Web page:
I get this one occasionally and it's a very valid question from a simplicity standpoint (a TDI mantra). However, there are good reasons for dividing a workload up among multiple AssemblyLines, and better performance is one of them -- as long as the task at hand allows for multi-threading; For example, data movement/migration/sync where the ordering of updates is not significant as long as all are processed. Here is a whitepaper that outlines a number of patterns that lend themselves to multi-AL solutions:
Performance Best Practices Paper for TDI 6.1 and 6.1.1
Another reason is to improve availability. Having several simultaneous worker ALs as mentioned above also means no single point of failure. Imagine a scenario where one or more AssemblyLines (on one or more TDI Servers) read source data and write to MQ. At the other end of this secure, persistent data pipe is another set of ALs picking up these messages on a first-come-first-serve basis. If an AssemblyLine fails then the integration service is degraded; not dead.
One oft-used multi-AL technique is to have a secondary "launcher" AL with a "while(true)" loop that starts the primary long-running AssemblyLine, waiting for it to complete - which it should never do (in theory). If for some reason the mission-critical AL stops then postmortem failure handling, including logs/alerts can be made by the calling AL; Finally, the AL can be re-started again in the next cycle of the loop.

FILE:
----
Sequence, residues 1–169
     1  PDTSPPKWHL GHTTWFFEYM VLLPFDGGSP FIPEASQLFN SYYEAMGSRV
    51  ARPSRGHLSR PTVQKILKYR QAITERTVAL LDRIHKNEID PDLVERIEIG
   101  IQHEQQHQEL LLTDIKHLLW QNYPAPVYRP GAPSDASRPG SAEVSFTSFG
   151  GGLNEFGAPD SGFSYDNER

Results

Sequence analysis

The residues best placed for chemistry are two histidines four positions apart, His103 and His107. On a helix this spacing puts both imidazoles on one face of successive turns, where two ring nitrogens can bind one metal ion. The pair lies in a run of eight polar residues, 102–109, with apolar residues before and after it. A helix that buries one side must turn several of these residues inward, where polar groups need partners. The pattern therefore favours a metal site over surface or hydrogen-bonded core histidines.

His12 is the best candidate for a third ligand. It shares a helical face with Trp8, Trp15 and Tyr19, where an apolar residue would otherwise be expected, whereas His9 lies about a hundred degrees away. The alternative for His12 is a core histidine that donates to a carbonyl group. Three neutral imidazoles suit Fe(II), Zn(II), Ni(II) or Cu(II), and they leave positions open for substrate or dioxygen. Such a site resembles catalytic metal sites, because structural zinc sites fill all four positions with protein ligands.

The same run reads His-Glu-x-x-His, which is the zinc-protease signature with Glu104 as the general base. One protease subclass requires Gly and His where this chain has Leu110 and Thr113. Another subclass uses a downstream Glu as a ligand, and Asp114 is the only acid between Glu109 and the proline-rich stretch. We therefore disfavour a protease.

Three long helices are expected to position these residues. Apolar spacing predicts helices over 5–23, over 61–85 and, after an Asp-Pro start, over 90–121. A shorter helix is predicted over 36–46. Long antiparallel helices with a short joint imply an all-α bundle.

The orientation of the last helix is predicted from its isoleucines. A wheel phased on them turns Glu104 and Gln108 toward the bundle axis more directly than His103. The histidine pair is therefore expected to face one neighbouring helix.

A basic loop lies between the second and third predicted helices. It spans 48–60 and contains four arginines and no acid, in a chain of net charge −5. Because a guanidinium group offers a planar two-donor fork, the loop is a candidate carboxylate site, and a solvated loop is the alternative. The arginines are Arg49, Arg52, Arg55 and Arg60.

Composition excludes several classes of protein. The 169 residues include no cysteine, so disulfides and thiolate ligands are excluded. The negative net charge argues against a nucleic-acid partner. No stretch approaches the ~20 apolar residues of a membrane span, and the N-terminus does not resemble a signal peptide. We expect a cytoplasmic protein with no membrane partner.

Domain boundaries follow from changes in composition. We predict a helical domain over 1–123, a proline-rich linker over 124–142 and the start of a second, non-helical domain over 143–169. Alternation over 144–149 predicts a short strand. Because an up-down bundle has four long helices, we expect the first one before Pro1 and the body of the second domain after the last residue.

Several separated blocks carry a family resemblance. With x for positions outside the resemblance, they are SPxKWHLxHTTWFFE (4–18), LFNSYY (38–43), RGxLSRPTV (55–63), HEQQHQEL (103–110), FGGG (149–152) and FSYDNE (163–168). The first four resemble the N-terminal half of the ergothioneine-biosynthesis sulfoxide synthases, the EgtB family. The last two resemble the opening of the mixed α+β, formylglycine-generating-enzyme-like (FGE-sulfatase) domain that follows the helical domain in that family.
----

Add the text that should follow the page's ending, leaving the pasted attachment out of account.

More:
I have also seen complex logic divided up into smaller, simpler ALs for reasons of simplicity and maintenance. The developer specs out each step in their integration flows - along with constraints, schema and invariants - and them implements these as individual ALs. This allows for incremental upgrades to a solution as well as unit testing.
Finally, entire AssemblyLines can be exposed as components (called "Adapters") facilitating sharing and reuse. You can find more on this topic here:
Introducing Adapters with Tivoli Directory Integrator 6.1
Monday, October 29, 2007
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